Shoot a few shots, and then readjust the crossbow accordingly to make your crossbow more accurate. There are two knobs you can use for this purpose:

  • Windage knob
  • Elevation knob
windage, Elevation knob

Elevation Knob

The elevation knob is moved up and down and it’s used to adjust the distance to the target. 

When it is far away, at 40 yards, the arrow will be affected by gravity, and you may miss the target entirely. That’s why you should move the elevation knob lower if the target is far away.

Windage Knob

It moves left or right and is used to center the scope. Wind also affects the arrow as it travels through the air.

Remember, if you shoot to the left, adjust the windage to right, and if you shoot right, adjust the windage to left.

Also, bear in mind the “10-1-20” rule.

  • That is 10 clicks for 1 inch of a 20-yard long movement
  • 1 click is also called MOA, or Minutes Of Angle.

For example: if you would like to adjust the shot for 2 inches, take 20 clicks for 2 inches in 20 yards.

5. Shoot Again To Check It Out

Shooting an arrow one more time will help you check out if you zeroed in the center of the crosshair. If it didn’t, readjust.

6. Set The Target At 30 Yards

Now, set the target at 30 yards. You can use a rangefinder to help you.

7. Shoot The Crossbow At 30 Yards

After shooting, see if you did a good job. As for any new adjustments, use the speed ring only.

  • If your arrow hit too high, adjust the speed ring to a higher speed.
  • If the arrow hits too low, adjust the speed dial to a lower speed. Don’t make any elevation adjustments.

8. Set The Target Back To 20 Yards

Set the target back to 20 yards and make sure that you’re hitting at a good elevation. If not, readjust.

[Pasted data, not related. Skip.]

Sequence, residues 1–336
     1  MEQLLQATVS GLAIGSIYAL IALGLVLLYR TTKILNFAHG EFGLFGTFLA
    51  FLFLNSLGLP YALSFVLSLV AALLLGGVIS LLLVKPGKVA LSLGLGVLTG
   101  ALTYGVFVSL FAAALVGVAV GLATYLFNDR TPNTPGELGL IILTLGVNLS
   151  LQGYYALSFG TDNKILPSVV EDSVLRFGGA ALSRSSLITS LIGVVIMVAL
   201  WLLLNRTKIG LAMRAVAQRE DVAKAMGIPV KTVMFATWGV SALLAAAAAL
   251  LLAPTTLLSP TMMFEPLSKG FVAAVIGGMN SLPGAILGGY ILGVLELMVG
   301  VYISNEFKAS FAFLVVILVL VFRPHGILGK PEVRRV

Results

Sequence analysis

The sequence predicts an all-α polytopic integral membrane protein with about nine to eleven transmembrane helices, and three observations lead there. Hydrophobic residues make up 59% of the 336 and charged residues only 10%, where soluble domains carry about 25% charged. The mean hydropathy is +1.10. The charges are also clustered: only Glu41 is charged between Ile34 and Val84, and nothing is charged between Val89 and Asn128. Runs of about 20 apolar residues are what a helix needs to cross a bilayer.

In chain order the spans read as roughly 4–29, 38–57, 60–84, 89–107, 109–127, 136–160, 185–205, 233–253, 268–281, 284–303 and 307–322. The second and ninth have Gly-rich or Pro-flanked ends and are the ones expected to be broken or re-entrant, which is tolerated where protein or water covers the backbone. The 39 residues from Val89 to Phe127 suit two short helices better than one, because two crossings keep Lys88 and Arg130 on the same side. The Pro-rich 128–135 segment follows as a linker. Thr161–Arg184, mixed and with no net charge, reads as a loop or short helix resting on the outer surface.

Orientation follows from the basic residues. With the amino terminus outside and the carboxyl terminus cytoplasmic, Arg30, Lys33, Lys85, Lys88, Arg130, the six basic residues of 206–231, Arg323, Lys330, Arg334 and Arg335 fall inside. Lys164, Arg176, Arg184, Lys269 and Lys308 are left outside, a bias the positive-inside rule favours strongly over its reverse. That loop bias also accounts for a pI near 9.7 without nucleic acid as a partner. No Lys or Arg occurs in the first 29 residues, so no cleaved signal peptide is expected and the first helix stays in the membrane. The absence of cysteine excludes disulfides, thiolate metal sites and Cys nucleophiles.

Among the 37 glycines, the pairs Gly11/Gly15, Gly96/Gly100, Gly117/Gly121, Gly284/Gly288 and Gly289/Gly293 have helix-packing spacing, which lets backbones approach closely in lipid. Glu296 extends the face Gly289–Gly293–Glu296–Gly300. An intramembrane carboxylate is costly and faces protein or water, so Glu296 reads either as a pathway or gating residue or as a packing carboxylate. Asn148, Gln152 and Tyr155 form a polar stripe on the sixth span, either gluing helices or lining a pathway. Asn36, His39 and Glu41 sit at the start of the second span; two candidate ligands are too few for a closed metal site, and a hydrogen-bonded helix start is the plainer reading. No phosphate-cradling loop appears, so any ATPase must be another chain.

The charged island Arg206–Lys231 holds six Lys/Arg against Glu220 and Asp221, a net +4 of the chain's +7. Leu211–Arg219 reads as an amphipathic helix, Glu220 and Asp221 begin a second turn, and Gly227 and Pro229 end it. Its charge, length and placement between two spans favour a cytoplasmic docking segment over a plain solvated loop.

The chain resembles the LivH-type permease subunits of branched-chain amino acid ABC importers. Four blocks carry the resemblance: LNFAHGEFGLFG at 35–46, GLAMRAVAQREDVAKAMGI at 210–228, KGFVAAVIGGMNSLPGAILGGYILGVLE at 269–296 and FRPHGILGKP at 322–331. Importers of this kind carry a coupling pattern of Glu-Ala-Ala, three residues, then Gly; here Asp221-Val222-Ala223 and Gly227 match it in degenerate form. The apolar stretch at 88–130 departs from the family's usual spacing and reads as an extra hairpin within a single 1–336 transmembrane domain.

9. Do The Same With The Settings To 40 & 50 Yards

At least, we recommend that you do the same for maximum success.

Pro Tips

  • Use Shooting Aids: It will help you get faster and better sightings and takes 10-30 minutes.
  • Practice until you’re confident: Nobody is successful on their first try - everyone has to work to become a great shooter.
  • Using the same arrow weight consistently: while you’re only practicing make sure that you’re using the same arrows because it will help you become more accurate.
  • Make a small marking on the speed ring and scope tube to mark the ideal spot. If someone moves this adjustment, the marking will help you find the ideal setting quickly.

Bottom Line:

Finding out how to sight in a crossbow scope can take a while.

This is perhaps the most complicated part of starting crossbow hunting, but once you do it, there is no need to adjust it again.

For hunting, practice makes perfect, and nothing can replace lots of practice.

Stay consistent with practicing, and you will see improvement in no time.

We hope that our step-by-step guide and tips have helped you find the ideal settings for your scopes.

What are your tips for sighting in the crossbow scope? Let us know in the comments!

About the Author

Hi, I'm Robert Gate, a hunter from Texas and Founder of ArcheryTopic. I first learned archery from my dad when I was 12 years old. He gave me a Mathew bow as a gift and instantly fell in love with the pursuit.